State legislatures have begun to grapple with how to differentiate and define e-bikes and regulate their operation and equipment standards on roadways and trails in their respective states. One challenge is the distinction between other motorized vehicles such as scooters and mopeds, and the burgeoning market and interest in e-bikes as a cost-effective and environmentally friendly transportation option.
As defined by the federal government, electric bike is 'A two - or three - wheeled vehicle with fully operable pedals and an electric motor of less than 750 watts (1 h.p.), whose maximum speed on a paved level surface, when powered solely by such a motor while ridden by an operator who weighs 170 pounds, is less than 20 mph'. However, state traffic laws and vehicle codes remain the sole domain of states and state legislatures. In other words, the manufacturing and first sale of an e-bike is regulated by the federal government, but its operation on streets and bikeways lies within a state's control.
Twenty-six states in the US have created a three-tiered e-bike classification system intended to differentiate between models with varying speed capabilities. These states have almost identical defining language for e-bikes, as well as similar safety and operation requirements.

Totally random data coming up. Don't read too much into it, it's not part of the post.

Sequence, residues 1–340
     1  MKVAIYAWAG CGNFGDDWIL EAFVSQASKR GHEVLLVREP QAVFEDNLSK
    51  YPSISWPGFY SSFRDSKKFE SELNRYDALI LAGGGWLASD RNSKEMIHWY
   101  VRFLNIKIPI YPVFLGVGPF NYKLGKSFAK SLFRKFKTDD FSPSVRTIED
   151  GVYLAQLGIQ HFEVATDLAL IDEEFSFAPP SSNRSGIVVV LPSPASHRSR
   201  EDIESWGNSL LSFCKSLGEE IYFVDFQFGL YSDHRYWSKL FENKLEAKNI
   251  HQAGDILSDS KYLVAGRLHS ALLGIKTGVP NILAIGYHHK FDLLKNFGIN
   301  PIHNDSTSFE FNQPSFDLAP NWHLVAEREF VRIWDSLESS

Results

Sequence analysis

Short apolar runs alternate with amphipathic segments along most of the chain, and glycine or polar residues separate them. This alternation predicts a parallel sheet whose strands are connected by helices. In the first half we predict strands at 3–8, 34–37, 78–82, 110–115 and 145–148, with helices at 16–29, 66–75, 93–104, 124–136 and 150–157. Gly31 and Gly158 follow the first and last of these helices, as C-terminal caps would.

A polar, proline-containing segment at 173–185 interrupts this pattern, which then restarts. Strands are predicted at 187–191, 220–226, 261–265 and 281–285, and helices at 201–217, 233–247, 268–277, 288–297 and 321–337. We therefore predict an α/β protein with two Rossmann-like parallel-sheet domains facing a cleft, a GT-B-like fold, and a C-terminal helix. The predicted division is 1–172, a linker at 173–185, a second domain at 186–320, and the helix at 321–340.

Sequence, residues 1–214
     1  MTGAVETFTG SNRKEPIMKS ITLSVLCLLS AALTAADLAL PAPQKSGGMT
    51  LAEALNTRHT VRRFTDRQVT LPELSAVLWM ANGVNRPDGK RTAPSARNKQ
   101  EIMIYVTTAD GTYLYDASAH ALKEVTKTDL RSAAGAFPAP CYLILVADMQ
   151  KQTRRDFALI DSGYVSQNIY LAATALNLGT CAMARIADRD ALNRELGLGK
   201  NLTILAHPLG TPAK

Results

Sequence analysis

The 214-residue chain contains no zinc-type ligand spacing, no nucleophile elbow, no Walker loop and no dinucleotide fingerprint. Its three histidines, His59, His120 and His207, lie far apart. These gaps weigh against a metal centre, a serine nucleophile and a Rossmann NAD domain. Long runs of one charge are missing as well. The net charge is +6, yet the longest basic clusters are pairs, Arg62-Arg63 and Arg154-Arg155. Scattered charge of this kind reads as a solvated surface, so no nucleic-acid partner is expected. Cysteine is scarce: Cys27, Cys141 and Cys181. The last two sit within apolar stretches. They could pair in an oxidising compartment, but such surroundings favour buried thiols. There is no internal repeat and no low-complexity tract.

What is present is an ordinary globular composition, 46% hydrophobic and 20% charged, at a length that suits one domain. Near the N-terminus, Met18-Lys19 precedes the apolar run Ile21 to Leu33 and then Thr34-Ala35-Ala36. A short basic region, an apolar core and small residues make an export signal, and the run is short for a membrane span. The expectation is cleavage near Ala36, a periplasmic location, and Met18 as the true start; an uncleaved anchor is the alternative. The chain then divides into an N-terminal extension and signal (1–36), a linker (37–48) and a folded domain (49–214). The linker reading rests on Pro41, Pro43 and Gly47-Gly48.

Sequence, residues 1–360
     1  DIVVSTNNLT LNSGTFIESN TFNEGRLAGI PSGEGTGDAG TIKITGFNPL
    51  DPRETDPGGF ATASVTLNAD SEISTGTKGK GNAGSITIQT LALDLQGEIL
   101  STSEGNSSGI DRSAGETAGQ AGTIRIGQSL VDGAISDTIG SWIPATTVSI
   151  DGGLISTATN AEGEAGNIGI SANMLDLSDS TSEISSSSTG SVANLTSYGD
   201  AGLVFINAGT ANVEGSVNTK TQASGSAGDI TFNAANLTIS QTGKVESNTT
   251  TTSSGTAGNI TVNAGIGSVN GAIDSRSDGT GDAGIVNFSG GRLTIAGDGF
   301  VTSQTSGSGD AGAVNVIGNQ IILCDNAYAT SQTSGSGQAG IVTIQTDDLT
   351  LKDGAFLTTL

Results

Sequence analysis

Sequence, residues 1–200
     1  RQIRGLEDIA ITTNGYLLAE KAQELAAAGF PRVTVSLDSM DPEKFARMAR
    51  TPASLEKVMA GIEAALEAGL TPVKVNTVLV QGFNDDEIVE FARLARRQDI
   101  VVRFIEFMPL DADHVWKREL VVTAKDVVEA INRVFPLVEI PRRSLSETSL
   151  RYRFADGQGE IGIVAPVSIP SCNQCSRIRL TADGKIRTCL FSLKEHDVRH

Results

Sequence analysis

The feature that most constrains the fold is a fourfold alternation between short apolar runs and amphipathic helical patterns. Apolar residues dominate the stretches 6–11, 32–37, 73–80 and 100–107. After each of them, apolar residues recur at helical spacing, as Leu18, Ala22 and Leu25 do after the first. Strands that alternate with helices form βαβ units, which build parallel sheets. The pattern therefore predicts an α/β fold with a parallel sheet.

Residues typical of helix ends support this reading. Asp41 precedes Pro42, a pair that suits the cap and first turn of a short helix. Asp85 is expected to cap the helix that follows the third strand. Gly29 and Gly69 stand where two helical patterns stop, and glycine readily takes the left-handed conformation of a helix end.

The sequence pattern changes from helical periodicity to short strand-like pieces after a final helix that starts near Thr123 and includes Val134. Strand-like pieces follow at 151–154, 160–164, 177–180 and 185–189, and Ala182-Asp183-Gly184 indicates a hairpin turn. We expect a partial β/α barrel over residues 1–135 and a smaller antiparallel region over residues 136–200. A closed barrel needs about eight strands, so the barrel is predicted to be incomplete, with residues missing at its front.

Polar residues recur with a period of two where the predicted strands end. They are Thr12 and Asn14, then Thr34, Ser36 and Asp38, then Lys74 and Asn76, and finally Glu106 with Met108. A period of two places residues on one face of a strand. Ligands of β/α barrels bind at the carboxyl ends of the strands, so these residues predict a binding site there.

Class 1 Electric Bike:
A bicycle equipped with a motor that provides assistance only when the rider is pedaling, and that ceases to provide assistance when the bicycle reaches the speed of 20 miles per hour.
Class 2 Electric Bike:
A bicycle equipped with a motor that may be used exclusively to propel the bicycle, and that is not capable of providing assistance when the bicycle reaches the speed of 20 miles per hour.
Class 3 Electric Bike:
A bicycle equipped with a motor that provides assistance only when the rider is pedaling, and that ceases to provide assistance when the bicycle reaches the speed of 28 miles per hour and is equipped with a speedometer.
But something that should be noticed is that in the rest of the states in the US, electric bikes still lack specific definitions and may be included as 'moped' or 'motorized bicycle'.
Assuming the continued robust growth of the e-bike industry, state legislatures will likely continue to grapple with defining e-bikes, clarifying operation, safety and equipment standards and further distinguishing them from motorized vehicles such as mopeds and scooters.
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